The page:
edit on 3-10-2015 by crazyewok because: (no reason given)



posted on Oct, 3 2015 @ 06:36 PM
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a reply to: crazyewok


Strange if you ask me, you get life for a precrime but a woman gets less then 20 years for stabbing a sex offender who had no involvement to her child. Very odd.
edit on 3-10-2015 by thesaneone because: (no reason given)



posted on Oct, 3 2015 @ 06:41 PM
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originally posted by: thesaneone
a reply to: crazyewok


Strange if you ask me, you get life for a precrime but a woman gets less then 20 years for stabbing a sex offender who had no involvement to her child. Very odd.


Life here just means he needs to do 14 years after thats he is up for parole.

But what were the police and cps meant to do?

He was found with evidence of him about to commit said crime and he admitted he was going to do it?

Were they meant to hand him the gun and pipe bombs and send him on his way?

Do you let a terrorist walk free cause he hasn't commited his crime yet?



posted on Oct, 3 2015 @ 06:47 PM
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a reply to: ketsuko

Well, rarely do I find myself in agreement with you, but in this thread I applaud everything you have said.


Kids, both boys and girls, must be allowed to be who they are, and they can only do that by being allowed the freedom to do so.
Kids have enormous energy, and I think thats because when we were hunter gatherers the kids would have spent their day following the roaming tribe, they would have been walking all day every day, we may have gotten smarter since those days, but biologically we are still the same, and the kids need an outlet for all that energy. But they cant go out and swing in the tree's like I use to do, or spend the whole summer riding their bicycles like I use to do, or spend their days building camps in the woods like I used to do etc etc.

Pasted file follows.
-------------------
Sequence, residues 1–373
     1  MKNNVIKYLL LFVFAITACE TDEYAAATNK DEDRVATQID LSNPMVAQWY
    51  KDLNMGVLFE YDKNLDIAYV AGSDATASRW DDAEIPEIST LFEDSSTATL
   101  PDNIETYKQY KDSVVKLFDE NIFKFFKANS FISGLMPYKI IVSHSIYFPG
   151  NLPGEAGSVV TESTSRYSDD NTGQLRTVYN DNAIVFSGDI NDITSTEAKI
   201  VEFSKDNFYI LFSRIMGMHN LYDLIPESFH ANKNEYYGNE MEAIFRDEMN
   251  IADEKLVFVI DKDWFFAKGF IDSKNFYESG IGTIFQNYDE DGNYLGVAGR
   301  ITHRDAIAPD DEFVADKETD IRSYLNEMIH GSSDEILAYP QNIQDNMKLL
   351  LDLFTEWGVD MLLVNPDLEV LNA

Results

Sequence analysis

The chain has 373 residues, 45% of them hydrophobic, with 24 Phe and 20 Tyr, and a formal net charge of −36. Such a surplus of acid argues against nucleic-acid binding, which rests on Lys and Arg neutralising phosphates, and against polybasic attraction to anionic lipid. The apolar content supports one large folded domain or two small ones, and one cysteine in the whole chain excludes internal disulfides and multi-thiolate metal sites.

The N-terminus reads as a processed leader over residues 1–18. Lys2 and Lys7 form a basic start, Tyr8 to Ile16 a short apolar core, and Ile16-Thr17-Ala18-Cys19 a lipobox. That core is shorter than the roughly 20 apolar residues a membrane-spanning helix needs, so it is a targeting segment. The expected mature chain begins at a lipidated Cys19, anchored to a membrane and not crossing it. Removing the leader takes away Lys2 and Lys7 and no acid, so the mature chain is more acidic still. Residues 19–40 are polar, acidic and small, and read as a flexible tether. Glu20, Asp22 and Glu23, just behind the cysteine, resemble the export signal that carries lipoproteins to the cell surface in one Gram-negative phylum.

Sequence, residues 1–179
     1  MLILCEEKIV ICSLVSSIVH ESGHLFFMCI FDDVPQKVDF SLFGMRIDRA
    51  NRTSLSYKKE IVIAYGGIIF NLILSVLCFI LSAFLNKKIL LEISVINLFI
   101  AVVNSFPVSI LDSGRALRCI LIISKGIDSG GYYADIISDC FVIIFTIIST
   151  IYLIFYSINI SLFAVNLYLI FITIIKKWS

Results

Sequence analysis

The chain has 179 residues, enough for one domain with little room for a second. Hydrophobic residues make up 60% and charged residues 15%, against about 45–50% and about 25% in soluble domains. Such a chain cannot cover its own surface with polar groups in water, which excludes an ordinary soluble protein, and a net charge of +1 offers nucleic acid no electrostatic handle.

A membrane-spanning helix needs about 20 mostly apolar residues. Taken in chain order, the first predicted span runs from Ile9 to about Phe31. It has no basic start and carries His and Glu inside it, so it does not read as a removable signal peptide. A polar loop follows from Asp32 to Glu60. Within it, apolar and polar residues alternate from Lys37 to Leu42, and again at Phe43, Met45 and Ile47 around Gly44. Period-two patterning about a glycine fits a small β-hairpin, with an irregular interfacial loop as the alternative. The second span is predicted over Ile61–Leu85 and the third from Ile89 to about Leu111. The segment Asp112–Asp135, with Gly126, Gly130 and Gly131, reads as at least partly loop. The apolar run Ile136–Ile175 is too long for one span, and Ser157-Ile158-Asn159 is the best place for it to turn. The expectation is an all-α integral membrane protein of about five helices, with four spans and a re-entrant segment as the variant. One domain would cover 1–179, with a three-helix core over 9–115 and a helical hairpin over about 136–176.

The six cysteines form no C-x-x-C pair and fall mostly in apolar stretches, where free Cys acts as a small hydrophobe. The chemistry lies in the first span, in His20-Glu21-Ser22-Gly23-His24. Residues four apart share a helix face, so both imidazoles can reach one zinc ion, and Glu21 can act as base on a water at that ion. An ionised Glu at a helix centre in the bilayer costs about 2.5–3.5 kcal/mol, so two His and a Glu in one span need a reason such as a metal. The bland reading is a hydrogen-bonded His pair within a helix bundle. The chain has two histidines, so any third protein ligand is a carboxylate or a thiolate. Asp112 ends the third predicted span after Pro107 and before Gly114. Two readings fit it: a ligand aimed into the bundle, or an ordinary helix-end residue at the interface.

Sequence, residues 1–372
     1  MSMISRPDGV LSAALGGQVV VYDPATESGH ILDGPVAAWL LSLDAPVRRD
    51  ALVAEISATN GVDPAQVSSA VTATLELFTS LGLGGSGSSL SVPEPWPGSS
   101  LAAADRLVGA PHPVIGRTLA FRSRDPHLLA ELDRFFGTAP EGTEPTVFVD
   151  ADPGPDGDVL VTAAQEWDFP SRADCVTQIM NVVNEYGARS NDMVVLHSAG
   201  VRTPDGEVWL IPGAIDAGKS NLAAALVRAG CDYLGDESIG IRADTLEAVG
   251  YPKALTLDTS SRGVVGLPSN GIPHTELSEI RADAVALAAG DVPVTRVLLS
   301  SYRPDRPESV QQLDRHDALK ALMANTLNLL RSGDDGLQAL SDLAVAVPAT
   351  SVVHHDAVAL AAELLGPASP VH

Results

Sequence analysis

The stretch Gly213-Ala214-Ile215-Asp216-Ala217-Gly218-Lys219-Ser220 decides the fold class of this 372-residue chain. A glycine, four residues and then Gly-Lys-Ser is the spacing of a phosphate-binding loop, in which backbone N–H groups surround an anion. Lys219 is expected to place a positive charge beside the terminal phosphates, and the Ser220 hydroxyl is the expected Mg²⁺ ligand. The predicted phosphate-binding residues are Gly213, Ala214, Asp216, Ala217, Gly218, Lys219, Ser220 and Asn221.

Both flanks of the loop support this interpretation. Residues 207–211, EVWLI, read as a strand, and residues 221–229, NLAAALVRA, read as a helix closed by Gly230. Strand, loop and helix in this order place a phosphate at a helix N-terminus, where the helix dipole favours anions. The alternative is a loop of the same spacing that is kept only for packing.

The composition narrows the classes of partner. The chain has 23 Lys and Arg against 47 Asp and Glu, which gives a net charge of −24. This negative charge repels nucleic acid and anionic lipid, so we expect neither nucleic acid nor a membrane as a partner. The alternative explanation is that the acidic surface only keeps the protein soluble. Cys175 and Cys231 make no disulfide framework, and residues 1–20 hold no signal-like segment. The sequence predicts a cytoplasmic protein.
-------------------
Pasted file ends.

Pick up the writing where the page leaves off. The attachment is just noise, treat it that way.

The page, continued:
When I think back, I have to say I think I would have gone mad if I had been made to live like todays kids are expected to live.
Gone mad, there's the answer!

Kids must be given back their freedom!
Having their minds altered by meds for no other reason than trying to make them all the same is criminal!



posted on Oct, 3 2015 @ 06:49 PM
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i,m sorry there is no excuse,as obama says america is only mordern country who has these mass shootings in regular occurence,it tells you everything you need to know.

the right to bear arms? after so many massacares i wouldn,t want to be in the possesion of a fire arm.

americans have blinkers on cause it didn,t happen to them,i know i,ll never change an americans thinking on it so thats why i,m glad i do stay in britain, i have more chance of seeing justin beiber become prime minister of canada than i do of seeing someone with a fire arm in my town or any town in a 30 mile radius,

the only reason for that is cause glasgow is in that radius and even then its rare for a gun crime.



posted on Oct, 3 2015 @ 06:53 PM
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a reply to: sparky31

But guns are only the HOW it happened.

Thats not what we are discussing here.

What we are discussing is the WHY

As mentioned above gun control didnt stop a British kid from trying trying to commit a mass shooting. Gun control only contributed to him getting caught. Nothing is to say a british kid might try again and not get caught.